Although sounding the shofar is a great mitzvah, for by doing so we proclaim G‑d's sovereignty and we also stir up His mercy on behalf of all those who face Divine judgment, nonetheless, the Sages ordained that if Rosh Hashanah falls on Shabbat, the shofar is not sounded.

Their ruling was based on the stringency of the Shabbat laws, for it is possible that the one sounding the shofar might not be expert in doing so and would go and consult one who is expert to either teach him or sound the shofar for him. He may thus come to either transgress the prohibition of carrying [the shofar] four amos in a public area or of transferring it from domain to domain. We thus see that the severity of the laws of Shabbat are such that the possibility of one person transgressing is deemed more important than sounding the shofar on behalf of the entire community. And the same applies even if there is an eruv [where carrying is permitted] or even if there is no area that fits the criteria of being a public domain according to Torah law.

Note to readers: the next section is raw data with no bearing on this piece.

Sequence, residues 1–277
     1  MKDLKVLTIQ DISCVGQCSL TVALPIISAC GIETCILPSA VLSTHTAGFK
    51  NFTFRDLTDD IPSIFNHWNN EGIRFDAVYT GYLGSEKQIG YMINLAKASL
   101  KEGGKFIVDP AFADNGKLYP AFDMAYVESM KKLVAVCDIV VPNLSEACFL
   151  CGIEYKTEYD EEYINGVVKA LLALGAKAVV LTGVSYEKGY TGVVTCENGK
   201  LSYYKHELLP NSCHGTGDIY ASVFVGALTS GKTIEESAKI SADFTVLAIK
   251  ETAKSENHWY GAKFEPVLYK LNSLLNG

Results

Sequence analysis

It should be noted, however, that the sounding of the shofar on Rosh Hashanah is never totally nullified, for as we have seen, the two days of Rosh Hashanah are considered to be one extended day. Thus, if the first day of Rosh Hashanah falls on Shabbat, we still sound the shofar on the second day of Rosh Hashanah and it is as if it were sounded on the first day. The second day of Rosh Hashanah can never fall on Shabbat.

The edict not to sound the shofar on Shabbat applied only to those places where there was no permanent beis din - Rabbinical court. When the Beis ha-Mikdash stood, and the Sanhedrin sat in Jerusalem, the shofar was sounded there even when Rosh Hashanah fell on Shabbat. This was true of all areas within the boundaries of Jerusalem as well. In the remainder of Israel's cities, however, the shofar was not sounded.